Car accidents involving only two cars, make determining fault quite easy in most cases. However, when it comes to multiple vehicle collisions determining fault can involve complex analysis and varying degrees of responsibility. Liability can be complicated when more than two vehicles are involved in either a chain-reaction or pile-up accident.
A multi-vehicle accident occurs when more than two cars hit each other, often in a chain reaction or rear-end accident. Consider what commonly happens on I-4 at rush hour, as drivers are impatiently waiting to get through traffic and get home, often tailgating the driver in front of them. It only takes one car to slam on its brakes, leading the car directly behind them to crash into to the back of that car, and so on, and so forth.
Which driver is responsible for the damages sustained by the second or third car? Is it automatically assumed to be the driver directly behind the injured person, or is it a combination of all the drivers involved? Like so many areas of the law, the answer is not always black and white and requires an analysis of what exactly happened that caused this chain reaction accident.
Multi-vehicle crashes are oftentimes the result of another person’s negligence, usually they involve several different drivers being careless or negligent. Determining fault and causation is often done with the assistance of police and the insurance adjusters, and liability may not be completely clear.
While a rear-end chain reaction accident could be mostly the fault of the person in the very front who slammed on his or her brakes, the third driver in the chain may have been glancing down at his or her phone and not reacted in time to avoid a collision. In this situation, total fault can be divided between all parties based on the percentage each person played in the cause of the accident.
Florida operates under the principle of comparative negligence. Under comparative negligence, fault is divided upon the percentage of blame each person played in the cause of an accident. Florida’s pure comparative negligence law allows the injured party to receive compensation even if he or she played more than 50 percent or higher in causing the accident. A plaintiff will not be completely barred from recovering something for his or her injuries in Florida.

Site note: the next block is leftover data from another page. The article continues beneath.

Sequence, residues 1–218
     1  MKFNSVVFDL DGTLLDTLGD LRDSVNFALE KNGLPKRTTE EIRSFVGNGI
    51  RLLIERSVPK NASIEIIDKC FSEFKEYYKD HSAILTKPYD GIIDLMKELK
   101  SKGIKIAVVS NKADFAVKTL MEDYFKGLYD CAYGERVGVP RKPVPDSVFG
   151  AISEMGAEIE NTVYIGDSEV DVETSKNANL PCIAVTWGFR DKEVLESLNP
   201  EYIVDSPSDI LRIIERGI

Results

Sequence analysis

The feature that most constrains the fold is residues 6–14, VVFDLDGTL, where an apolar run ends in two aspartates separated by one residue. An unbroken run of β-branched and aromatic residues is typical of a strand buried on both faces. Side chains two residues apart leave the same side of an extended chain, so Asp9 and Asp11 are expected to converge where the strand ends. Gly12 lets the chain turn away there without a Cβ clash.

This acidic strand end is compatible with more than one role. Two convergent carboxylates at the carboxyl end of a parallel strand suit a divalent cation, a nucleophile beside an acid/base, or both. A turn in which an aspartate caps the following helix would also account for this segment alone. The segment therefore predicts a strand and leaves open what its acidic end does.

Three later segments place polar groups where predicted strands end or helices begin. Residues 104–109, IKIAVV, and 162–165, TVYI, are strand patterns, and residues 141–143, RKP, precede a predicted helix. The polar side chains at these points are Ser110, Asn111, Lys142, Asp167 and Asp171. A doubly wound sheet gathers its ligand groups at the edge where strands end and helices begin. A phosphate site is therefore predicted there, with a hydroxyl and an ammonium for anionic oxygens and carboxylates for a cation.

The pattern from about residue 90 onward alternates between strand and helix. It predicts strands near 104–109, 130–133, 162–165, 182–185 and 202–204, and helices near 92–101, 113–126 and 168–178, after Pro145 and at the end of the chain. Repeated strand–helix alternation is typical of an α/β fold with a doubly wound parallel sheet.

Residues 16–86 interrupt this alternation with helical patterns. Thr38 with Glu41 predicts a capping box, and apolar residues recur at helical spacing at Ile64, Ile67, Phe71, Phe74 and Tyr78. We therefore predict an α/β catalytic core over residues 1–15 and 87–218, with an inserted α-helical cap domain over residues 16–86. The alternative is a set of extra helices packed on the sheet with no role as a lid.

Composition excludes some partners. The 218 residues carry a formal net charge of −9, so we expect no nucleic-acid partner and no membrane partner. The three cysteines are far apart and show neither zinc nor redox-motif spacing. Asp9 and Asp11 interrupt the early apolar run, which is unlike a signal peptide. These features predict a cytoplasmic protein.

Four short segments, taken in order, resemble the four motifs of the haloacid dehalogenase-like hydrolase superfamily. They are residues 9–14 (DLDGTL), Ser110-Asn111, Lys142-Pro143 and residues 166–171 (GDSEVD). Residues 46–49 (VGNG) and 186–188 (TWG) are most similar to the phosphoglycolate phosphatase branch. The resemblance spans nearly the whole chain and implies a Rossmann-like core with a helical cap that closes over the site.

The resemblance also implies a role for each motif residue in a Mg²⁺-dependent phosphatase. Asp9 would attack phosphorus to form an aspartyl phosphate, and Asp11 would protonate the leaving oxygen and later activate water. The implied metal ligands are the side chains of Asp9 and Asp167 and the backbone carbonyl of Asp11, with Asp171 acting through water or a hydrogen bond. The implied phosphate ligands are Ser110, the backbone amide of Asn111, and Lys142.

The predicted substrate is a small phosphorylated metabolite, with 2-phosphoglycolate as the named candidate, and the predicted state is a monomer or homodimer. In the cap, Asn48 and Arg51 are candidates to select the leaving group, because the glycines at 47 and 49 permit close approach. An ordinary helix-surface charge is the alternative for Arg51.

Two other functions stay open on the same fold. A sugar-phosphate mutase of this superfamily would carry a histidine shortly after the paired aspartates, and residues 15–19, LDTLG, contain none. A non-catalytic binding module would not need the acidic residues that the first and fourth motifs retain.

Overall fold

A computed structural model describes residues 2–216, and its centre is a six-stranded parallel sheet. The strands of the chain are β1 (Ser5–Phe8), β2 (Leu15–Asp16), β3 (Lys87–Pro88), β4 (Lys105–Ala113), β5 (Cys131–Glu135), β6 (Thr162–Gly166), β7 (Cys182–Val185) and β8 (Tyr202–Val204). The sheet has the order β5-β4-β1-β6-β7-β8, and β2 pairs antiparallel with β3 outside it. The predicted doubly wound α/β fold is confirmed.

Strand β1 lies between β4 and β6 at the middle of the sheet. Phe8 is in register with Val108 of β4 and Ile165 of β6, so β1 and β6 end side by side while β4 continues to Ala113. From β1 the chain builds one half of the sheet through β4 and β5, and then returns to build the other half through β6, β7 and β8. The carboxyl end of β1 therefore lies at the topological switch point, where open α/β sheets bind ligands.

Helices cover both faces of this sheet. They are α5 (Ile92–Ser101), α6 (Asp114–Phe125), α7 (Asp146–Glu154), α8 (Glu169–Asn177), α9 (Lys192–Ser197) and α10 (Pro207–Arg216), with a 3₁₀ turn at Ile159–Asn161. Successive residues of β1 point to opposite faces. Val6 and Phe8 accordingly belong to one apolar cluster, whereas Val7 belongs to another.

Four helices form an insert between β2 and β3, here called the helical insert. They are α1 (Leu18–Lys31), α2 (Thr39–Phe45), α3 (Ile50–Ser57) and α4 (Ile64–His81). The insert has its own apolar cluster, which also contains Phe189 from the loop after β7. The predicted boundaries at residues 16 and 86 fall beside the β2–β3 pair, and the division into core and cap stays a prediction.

Obviously, this determination relies heavily on evidence from the scene of the accident to help recreate what occurred. Reports from eyewitnesses, photographs from the accident, and the police report will all be important pieces of information in preparing a liability case. Never make statements at the scene of the accident that will imply fault as those statements can be used against you later. Speak with an Orlando personal injury attorney as soon as possible to protect your legal rights following a multi-vehicle collision.
Born and raised in Rochester, Michigan, Thomas Dennis focuses on representing those who have been harmed by the negligence or wrongful conduct of others in the State of Florida. Specializing in wrongful death, medical malpractice, nursing home abuse and insurance disputes, Mr. Dennis is experienced in many areas of personal injury law.